6. khatl Guest

      Cracked screens are included IF it results in a functionality issue eg part of the screen is no longer responsive. If it's cosmetic only and everything else works then it's not covered

  8. mo Guest

    Shameless pumping todays version: Out of 12 "articles">
    4/10 40% referencing (aka: pumping) CO VentureX
    2/10 20% mentioning (aka: less direct pumping) other misc cc
    2/10 20% normal articles

    Lucky, you/new site have turned into THE #1 shameless cc pumper. Easily surpassing TPG, VFTW, DD, et al. I'm sure much of your "old" audience would agree... what happened??

    1. Niklas Guest

      I agree - this is next level and makes me considering to move to other blogs (even though I like the writing, the style, the content outside of these CC spam entries, …).
      I do understand that cost of running the site need to be recovered but do hope there would have been other ways to do so!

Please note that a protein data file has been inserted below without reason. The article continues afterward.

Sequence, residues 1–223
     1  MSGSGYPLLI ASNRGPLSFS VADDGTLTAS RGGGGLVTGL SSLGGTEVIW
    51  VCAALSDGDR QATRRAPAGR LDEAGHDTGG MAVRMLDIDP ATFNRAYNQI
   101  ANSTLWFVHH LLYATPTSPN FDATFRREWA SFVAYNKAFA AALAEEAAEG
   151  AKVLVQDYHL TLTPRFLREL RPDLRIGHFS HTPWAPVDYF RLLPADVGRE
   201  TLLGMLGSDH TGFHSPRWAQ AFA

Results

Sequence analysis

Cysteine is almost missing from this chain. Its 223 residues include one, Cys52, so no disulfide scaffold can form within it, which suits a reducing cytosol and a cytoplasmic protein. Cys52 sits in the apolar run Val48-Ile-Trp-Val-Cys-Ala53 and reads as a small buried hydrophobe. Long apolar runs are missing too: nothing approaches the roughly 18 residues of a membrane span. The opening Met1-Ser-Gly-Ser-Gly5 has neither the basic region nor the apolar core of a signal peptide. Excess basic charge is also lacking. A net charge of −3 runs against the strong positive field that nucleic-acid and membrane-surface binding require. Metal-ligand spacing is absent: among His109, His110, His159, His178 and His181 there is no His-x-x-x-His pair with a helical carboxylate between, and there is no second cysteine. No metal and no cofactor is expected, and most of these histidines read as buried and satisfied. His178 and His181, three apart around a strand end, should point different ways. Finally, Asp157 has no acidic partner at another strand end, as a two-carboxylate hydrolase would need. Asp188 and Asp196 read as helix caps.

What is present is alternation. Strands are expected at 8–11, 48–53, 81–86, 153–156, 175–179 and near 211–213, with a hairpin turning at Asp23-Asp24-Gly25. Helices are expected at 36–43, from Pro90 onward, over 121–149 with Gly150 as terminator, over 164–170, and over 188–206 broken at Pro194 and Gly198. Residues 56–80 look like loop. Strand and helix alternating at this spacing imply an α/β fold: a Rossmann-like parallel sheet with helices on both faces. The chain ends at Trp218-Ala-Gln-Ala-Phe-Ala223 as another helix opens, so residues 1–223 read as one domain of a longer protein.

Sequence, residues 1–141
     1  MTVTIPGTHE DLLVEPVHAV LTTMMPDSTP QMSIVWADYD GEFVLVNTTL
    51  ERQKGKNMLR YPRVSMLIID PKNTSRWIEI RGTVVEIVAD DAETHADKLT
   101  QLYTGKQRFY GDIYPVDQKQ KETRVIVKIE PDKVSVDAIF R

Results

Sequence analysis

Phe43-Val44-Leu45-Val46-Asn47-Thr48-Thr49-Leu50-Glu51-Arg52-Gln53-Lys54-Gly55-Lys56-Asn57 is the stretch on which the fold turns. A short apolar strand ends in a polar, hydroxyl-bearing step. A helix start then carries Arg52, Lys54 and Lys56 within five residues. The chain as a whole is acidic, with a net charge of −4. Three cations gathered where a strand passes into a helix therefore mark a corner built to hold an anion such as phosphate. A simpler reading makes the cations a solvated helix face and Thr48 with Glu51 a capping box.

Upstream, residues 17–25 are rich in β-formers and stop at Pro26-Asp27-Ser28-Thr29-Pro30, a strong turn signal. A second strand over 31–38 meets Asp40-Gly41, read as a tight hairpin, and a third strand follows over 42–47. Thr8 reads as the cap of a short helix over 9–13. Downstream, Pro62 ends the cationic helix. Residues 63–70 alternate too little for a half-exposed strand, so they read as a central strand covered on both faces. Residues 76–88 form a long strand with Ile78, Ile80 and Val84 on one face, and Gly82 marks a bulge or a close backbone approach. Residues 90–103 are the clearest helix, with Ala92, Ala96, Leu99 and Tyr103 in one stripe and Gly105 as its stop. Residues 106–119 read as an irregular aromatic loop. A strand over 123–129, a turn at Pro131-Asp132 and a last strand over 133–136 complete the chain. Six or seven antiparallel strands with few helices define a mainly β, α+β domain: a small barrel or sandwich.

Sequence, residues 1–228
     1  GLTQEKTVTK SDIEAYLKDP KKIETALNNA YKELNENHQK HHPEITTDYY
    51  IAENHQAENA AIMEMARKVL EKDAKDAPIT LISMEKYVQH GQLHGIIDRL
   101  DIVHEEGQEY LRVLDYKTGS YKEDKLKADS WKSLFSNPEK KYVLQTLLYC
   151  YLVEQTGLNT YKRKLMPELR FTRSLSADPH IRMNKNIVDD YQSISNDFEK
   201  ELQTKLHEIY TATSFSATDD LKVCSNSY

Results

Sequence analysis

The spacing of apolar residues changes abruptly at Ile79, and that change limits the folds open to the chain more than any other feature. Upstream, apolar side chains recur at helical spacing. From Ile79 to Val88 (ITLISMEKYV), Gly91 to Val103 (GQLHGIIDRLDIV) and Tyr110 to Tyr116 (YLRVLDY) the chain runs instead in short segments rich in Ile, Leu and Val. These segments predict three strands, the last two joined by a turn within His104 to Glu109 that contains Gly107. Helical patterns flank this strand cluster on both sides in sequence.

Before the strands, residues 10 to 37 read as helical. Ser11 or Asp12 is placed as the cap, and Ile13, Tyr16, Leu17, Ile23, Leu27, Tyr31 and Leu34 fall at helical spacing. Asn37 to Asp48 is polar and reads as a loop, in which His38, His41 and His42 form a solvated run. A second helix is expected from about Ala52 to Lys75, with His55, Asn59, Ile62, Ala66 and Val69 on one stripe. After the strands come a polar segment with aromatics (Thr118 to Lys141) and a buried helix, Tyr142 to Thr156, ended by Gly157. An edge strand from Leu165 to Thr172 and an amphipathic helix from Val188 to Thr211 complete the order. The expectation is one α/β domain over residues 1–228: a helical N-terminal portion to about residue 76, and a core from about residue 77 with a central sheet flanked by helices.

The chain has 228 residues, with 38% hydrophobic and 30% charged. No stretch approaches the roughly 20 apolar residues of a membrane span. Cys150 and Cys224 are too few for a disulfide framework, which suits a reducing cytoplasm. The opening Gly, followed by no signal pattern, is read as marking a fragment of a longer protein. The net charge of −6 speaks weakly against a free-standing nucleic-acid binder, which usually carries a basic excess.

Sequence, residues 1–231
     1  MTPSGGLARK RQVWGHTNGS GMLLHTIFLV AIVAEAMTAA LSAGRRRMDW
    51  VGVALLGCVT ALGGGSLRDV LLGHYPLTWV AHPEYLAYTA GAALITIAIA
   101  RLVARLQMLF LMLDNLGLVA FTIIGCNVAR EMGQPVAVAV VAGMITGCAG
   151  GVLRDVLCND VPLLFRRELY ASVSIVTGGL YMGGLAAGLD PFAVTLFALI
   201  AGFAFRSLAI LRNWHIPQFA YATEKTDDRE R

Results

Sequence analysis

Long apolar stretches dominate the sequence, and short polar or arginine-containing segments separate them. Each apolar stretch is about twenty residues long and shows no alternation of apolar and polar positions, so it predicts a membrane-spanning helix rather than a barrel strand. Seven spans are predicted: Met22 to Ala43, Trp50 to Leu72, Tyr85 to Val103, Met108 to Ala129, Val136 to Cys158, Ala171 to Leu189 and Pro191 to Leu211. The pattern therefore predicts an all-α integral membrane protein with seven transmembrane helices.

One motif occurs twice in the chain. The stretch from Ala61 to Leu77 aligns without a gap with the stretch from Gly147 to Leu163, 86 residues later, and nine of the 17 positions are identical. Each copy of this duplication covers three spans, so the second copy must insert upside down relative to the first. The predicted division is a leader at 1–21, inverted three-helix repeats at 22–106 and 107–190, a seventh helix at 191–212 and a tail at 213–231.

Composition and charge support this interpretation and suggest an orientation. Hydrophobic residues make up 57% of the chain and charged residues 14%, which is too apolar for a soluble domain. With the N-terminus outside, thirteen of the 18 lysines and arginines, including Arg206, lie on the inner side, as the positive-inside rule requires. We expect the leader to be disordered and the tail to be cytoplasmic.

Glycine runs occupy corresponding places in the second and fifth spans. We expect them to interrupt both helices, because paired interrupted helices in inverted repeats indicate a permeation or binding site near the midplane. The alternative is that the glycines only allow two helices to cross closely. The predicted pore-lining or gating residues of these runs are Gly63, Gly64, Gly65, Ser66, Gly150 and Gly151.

2. Bryan Guest

      How is this comment helpful or constructive at all?

    3. rrapynot Guest

      This blog is not a charity or public service. The purpose of the site is to generate income and referral bonuses. Don’t visit the blog if you don’t like it.

    4. Ben Schlappig OMAAT

      @ mo -- Correct, for a period of five days, the blog content has largely focused on the launch of the most exciting new credit card we've seen in over five years. That's not what the content on the blog will be about in the long run. Cut me some slack for a few days as I try to cover as much as possible about this new card, which many people are excited about. And...

      @ mo -- Correct, for a period of five days, the blog content has largely focused on the launch of the most exciting new credit card we've seen in over five years. That's not what the content on the blog will be about in the long run. Cut me some slack for a few days as I try to cover as much as possible about this new card, which many people are excited about. And I totally understand this won't be for everyone, but surely you can appreciate that others do find this content to be useful.

    5. Niklas Guest